Chronic port crowding shows that pandemic-related shifts in Americans’ spending habits have overwhelmed the nation’s supply lines. Consumers are spending less today on services like airline travel and restaurant meals than they did in early 2020. But they are purchasing about 15 percent more goods like furniture and computers, with many of those products traveling from Asia through the Southern California ports.
More than 30 million tons of cargo now rests aboard vessels idling outside U.S. ports, economists at Goldman Sachs said Tuesday. The investment bank said port congestion will not ease until the second half of next year.
The gridlock is contributing to inflation that is lasting longer than the Federal Reserve expected while denting corporate profits, despite accelerating economic growth.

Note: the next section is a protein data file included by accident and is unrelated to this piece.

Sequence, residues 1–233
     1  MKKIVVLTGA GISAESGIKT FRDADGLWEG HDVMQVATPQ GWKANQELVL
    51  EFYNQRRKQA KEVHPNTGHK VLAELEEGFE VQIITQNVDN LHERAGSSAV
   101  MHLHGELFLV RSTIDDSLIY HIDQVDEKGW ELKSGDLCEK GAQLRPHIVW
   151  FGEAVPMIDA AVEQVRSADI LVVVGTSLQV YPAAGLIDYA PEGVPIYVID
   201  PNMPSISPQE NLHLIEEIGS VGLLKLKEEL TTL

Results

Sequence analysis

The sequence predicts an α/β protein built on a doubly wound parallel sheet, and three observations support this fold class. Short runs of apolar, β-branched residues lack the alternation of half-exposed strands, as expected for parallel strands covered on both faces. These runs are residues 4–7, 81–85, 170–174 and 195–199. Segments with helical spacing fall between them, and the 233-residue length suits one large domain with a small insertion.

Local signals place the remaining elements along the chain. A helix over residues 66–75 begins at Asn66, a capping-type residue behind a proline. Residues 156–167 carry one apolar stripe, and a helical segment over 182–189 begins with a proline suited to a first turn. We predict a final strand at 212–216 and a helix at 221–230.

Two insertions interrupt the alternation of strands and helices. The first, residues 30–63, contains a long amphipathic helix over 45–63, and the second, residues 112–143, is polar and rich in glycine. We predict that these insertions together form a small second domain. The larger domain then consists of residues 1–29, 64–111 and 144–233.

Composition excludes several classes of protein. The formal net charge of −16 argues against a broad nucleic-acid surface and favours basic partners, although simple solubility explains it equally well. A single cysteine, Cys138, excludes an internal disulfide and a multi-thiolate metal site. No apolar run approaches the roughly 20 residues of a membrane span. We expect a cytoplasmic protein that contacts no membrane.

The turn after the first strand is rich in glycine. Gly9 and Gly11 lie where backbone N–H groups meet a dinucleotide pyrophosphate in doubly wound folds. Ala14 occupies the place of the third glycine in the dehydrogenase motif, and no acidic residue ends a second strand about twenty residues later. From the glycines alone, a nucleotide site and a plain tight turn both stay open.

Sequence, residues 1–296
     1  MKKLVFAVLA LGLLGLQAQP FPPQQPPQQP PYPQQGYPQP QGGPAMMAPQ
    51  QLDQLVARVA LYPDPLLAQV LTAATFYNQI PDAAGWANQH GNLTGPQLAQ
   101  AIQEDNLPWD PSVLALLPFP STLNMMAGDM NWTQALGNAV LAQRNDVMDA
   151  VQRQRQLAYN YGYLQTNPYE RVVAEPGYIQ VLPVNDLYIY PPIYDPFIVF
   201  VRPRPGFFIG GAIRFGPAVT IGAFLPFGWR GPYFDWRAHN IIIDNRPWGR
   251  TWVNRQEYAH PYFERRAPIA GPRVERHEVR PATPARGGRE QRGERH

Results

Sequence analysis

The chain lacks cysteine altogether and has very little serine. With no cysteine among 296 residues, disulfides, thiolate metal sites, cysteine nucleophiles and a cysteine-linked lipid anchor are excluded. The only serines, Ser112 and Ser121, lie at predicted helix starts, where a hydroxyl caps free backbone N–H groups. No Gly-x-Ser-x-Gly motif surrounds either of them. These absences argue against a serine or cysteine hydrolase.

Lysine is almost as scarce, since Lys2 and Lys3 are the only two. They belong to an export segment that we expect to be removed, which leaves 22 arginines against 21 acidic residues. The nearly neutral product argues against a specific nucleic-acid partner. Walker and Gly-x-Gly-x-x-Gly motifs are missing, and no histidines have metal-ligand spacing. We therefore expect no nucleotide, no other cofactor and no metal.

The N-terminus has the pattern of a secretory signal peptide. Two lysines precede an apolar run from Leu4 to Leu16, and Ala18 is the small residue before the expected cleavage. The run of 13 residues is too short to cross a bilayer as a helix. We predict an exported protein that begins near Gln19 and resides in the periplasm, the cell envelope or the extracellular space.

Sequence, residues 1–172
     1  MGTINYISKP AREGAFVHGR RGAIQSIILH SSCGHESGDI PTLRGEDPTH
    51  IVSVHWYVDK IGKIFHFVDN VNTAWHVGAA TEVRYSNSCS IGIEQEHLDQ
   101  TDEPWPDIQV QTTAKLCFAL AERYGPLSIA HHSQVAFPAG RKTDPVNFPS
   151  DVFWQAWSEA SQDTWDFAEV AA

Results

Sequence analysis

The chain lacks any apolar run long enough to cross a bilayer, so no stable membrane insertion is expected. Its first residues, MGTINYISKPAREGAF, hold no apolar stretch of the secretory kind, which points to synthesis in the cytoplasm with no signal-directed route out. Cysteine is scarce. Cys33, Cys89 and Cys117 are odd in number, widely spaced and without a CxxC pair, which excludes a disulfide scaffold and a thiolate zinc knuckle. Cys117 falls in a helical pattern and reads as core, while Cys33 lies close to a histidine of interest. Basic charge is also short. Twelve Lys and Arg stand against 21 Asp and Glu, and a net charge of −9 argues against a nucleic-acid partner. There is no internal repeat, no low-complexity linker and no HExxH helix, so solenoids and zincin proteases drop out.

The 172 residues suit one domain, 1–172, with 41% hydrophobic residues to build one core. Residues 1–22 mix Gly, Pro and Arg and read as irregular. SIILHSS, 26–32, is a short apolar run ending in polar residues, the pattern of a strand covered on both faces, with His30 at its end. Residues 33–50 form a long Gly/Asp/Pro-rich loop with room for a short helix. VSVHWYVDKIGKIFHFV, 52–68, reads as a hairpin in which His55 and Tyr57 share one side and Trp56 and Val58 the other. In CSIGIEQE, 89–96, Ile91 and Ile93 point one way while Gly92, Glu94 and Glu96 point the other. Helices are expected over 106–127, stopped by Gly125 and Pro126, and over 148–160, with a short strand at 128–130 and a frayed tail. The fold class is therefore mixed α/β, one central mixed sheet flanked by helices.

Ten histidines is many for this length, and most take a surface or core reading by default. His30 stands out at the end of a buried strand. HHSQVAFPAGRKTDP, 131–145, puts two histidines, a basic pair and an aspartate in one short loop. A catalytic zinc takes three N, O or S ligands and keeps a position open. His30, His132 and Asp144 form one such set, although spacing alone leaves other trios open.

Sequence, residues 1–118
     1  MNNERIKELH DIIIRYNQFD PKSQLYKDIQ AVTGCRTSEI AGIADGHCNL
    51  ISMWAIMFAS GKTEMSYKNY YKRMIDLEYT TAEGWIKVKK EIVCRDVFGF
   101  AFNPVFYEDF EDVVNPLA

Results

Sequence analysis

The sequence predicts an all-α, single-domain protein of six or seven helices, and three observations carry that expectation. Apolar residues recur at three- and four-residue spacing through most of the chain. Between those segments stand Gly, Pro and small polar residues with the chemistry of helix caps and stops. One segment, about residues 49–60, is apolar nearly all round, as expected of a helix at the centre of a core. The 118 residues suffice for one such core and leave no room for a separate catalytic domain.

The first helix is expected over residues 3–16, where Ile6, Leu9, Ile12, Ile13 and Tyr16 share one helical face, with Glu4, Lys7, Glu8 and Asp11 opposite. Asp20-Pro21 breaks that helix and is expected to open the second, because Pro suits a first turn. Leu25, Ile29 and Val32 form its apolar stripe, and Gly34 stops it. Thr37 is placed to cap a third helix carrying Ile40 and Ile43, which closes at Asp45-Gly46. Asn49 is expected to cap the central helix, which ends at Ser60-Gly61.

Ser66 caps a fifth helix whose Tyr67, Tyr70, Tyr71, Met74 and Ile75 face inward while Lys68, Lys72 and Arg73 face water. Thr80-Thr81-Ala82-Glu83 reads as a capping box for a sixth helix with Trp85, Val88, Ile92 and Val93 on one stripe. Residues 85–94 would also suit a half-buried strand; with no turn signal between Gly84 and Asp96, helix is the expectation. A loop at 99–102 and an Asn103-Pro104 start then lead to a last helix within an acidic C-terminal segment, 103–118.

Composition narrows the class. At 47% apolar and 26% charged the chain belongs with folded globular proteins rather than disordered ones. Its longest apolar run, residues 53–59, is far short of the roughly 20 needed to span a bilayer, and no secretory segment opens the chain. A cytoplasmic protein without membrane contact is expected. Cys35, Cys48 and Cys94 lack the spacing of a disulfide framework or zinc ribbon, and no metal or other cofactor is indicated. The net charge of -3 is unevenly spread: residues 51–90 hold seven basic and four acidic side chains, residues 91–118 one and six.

Consumer and industrial companies alike have cited supply chain headaches in recent earnings calls.
Lennox International, a maker of heating and cooling systems, told investors this week that supply chain disruptions and covid impacts shaved $25 million off its third-quarter operating profit and would have a similar impact over the remainder of the year. The company is struggling with shortages of computer chips as well as wooden pallets and corrugated cardboard.
Likewise, supply snags including labor shortages are preventing Kimberly-Clark, a manufacturer of sanitary paper products, from filling all its orders, Maria Henry, the company’s chief financial officer, said on an investor call this week. “I don’t see a near-term catalyst for them improving,” she said of the holdups.
The White House is keenly aware that fallout from supply woes that Biden calls “significant” has become a political liability — and officials are struggling to identify solutions for largely private-sector problems.